Temporal Variation in Climate and Tectonic Coupling in the Central Andes
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Ehlers, Todd A.
Barnes, Jason B.
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CitationMcQuarrie, Nadine, Todd A. Ehlers, Jason B. Barnes, and Brendan Meade. 2009. Temporal variation in climate and tectonic coupling in the central Andes. Geology 36(12): 999-1002.
AbstractAnalog and numerical models predict a coupling between climate and tectonics whereby
erosion infl uences the deformation of orogens. A testable prediction from modeling studies is
the decrease in width of mountain ranges as a result of increased precipitation. Here we evaluate
the effect of climate on a critically tapered orogen, the central Andes, using sequentially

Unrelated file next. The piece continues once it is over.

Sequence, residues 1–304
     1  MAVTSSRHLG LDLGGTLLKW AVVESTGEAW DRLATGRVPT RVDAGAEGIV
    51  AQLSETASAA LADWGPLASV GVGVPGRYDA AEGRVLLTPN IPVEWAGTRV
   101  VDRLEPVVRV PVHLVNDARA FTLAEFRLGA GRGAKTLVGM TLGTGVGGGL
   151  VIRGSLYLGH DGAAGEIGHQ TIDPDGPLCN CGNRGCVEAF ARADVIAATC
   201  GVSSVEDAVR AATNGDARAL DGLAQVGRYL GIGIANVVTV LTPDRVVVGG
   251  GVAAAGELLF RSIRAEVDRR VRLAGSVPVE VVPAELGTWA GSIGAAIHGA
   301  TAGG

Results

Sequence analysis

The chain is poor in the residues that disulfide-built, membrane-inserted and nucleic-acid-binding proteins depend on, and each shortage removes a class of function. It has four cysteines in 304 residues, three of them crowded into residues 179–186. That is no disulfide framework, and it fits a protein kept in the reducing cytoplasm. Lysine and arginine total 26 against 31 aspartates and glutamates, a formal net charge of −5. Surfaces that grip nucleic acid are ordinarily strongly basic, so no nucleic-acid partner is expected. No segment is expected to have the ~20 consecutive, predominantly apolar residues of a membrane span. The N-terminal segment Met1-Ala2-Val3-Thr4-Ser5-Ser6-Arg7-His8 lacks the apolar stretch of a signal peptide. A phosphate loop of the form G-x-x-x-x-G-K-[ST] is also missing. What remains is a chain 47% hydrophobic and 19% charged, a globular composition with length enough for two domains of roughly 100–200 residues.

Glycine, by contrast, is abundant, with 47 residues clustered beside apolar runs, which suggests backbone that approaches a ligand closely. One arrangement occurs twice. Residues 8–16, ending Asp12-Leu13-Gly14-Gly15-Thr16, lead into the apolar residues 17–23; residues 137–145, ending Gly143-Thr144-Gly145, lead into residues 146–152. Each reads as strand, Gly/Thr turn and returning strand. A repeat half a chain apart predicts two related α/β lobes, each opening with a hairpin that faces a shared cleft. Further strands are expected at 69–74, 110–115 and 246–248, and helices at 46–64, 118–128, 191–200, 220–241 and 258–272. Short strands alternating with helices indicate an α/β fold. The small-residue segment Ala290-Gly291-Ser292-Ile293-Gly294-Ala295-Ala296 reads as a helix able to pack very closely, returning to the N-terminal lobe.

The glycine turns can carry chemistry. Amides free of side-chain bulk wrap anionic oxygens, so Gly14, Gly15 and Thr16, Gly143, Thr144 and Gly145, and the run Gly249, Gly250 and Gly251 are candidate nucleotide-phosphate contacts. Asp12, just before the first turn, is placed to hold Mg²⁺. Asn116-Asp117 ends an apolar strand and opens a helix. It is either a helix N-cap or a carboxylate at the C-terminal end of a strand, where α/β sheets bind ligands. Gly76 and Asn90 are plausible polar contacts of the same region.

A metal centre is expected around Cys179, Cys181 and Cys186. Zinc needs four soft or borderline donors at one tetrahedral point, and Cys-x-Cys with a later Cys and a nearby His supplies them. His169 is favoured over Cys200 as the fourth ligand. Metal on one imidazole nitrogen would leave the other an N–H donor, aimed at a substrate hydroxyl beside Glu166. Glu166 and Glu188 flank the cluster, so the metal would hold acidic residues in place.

restored, balanced cross sections through wet (15°–16°S) and dry (21°S) regions of the orogen.
In these regions, tectonics, basin geometry, and style of deformation are similar, allowing us
to use variations in propagation (or changes in percent shortening) to evaluate whether alongstrike
changes in width and morphology are climate driven in the north. Results indicate similar
total percent shortening along the northern (40%) and southern (37%) sections, suggesting
that a wetter climate has not limited the width (propagation) in the north. However, comparison
of early (45–25 Ma) and recent (ca. 20–0 Ma) shortening indicates that early deformation
produced 45% ± 2% shortening of both sections, while recent deformation produced
41% ± 2% (north) versus 32% ± 2% (south) in the actively deforming Subandes. The latter
suggests a coupling between climate and tectonics that began between ca. 19 and 8 Ma, and
continues to 0 Ma, potentially limiting the width of the northern Subandes by ~40 km.
Citable link to this pagehttp://nrs.harvard.edu/urn-3:HUL.InstRepos:3354163
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